The chemistry of living death
An indifferent legislature and an impotent administration has forced the onus of defining the cost of lives and damages to the environment caused by industrial "development" onto the courts.
THE justice meted out by the Indian courts to the victims of the Bhopal disaster is a tale of an opportunity squandered to legally establish liabilities for damages and define a just compensation for the virtual genocide of human life and environment. Since Bhopal, 22 industrial disaster that cost between 25 to 200 lives have been listed by the Crisis Management Group of the Union ministry of environment and forests. But not a single verdict on how to evaluate damages to people and environment has been forthcoming from the hallowed halls.
The Bhopal experience has radically altered the notion of occupational hazards confined to a work place and has spilled over to include the communities living around an industrial unit. While there are industrial and insurance laws to compensate damages caused to an individual worker, there are no laws to evaluate damages caused to the community and environment and to establish clear liability for those damages.
"The failure on the part of the government to respond to the emerging trend by enacting appropriate laws has made judicial interventions to lay down basic principles in these matters so crucial," says Justice P N Bhagwati, former Supreme Court judge. Popular expectations from courts acting on Bhopal soared high only to fall flat due the regressive attitude of the courts.
"Not many suits have been filed in mass disaster cases. There are even fewer petitions for compensation as these are mostly settled out of the court. The cases are mostly filed to make industry responsible for implementing pollution control measures," says environment lawyer M C Mehta. The urgency for relief and the maneuvering of the managements to lower compensation costs have resulted in an increasing incidence of out-of-court settlements.
The differing judicial attitudes on the 2 major cases, the Bhopal gas leak and the Shriram oleum gas leak in Delhi-based Shriram Food and fertiliser Ltd, has only harmed the cause. "The judgement on Bhopal was regressive as it had not only failed to establish principles on these crucial issues but also undermined the finest decisions of the Supreme Court laying down the principle of strict liability in environmental cases in the Shriram case to hold an enterprise wholly liable for the damages even without the need to prove it guilty," maintains labour lawyer Colin Gonsalves of Bombay.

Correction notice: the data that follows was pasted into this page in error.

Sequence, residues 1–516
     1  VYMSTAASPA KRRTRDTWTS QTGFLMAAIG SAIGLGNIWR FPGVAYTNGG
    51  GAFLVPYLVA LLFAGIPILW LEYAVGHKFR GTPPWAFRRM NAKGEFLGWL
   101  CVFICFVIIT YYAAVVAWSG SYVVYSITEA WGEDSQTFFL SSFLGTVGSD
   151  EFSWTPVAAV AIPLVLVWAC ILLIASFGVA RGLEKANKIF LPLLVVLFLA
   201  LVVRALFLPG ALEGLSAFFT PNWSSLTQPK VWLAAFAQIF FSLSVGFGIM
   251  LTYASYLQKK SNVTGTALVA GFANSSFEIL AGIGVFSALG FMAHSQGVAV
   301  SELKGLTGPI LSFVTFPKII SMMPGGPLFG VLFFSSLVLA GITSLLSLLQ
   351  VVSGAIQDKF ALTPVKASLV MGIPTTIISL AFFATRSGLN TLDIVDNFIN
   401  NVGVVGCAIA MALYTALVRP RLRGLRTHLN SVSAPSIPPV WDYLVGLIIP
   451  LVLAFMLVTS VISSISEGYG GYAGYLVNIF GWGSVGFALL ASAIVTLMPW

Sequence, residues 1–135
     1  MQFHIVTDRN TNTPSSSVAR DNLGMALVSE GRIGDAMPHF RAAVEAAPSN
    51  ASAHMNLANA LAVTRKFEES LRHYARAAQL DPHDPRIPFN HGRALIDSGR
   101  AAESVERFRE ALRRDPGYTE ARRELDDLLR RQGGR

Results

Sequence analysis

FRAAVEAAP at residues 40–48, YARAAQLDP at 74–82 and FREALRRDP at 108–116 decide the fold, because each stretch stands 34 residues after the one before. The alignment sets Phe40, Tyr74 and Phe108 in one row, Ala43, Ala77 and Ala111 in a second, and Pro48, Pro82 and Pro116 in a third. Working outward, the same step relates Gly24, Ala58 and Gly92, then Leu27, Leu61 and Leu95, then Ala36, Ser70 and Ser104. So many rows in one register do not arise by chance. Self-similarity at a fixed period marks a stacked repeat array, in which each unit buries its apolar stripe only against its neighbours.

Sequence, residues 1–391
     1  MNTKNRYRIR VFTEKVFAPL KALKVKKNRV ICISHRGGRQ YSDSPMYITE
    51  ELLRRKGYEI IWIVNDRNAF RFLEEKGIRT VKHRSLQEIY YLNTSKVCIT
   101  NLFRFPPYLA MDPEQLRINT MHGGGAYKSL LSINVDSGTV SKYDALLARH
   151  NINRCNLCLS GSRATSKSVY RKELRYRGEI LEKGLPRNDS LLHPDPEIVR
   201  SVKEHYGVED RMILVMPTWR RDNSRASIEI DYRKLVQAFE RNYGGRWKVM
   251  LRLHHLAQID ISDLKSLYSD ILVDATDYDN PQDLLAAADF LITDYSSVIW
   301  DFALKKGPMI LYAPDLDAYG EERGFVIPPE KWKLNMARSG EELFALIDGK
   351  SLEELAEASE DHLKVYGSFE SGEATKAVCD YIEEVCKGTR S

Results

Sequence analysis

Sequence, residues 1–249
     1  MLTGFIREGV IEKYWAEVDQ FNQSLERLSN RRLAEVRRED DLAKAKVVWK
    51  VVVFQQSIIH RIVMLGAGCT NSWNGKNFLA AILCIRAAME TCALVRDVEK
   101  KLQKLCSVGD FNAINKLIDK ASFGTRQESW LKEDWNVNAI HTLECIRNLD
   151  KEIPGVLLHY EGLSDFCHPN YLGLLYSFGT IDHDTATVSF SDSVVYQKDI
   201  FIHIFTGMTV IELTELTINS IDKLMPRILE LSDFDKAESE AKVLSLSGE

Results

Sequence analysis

Significantly, in the oleum gas leak which occurred in 1987, the Supreme Court had stated the principle of strict liability. But in the third and final Bhopal judgement of 1990, Justice Ranganath Mishra interpreted this only as an observation and not legally binding. This allowed the Union Carbide to get away with a measly compensation of US $470 million out-of-court settlement.
Large-scale industrial disasters have underscored the need to broaden the objective of compensation. Expounding on the emergent scenario, Bhagwati says, "The magnitude of the compensation should deter the polluter from ignoring risks and seek commensurable insurance." Bhagwati's own ruling in the Shriram case had stated that the measure of compensation must be related to the magnitude and capacity of the enterprise as the compensation must have deterrent effect.
Lost in these warring legal perceptions is the need to develop more rational legal parameters to evaluate damages. Laments Bhagwati, "Compensation continues to be an instrument to enable recovery of the victim, but not to deter the polluter from ignoring risks and seek commensurable insurance."
Instead, industrial accidents and occupational diseases continue to be tried within the conventional framework of industrial laws in which criteria for settling compensation are very narrow and limited to income foregone, age, degree of injury of an individual and event of death. It is paid only to those who have suffered readily proven damages and not to those who are unable to prove long-term disabilities or damages evident only after some years. Nor is any compensation paid to cover the damages caused to the environment.
Ad hoc calculations are done based on relief available under different government funds and insurance schemes for accidents, to arrive at an arbitrary figure to fix the value of compensation. Comments Rajiv Dhawan, a Supreme Court lawyer, "The technique belongs to the my baap (father mother) culture which is based on the principle of doling out state welfare instead of entitlements."
Yet the conservative, insensitive to some, judgement did not deter the progressive black robes taking an increasingly vocal role to enforce environmental laws. "Without the courts the cause of environment would have been lost. The judiciary has been very responsive to the demand from the environment groups seeking legal remedies for environmental problems," says Bhagwati.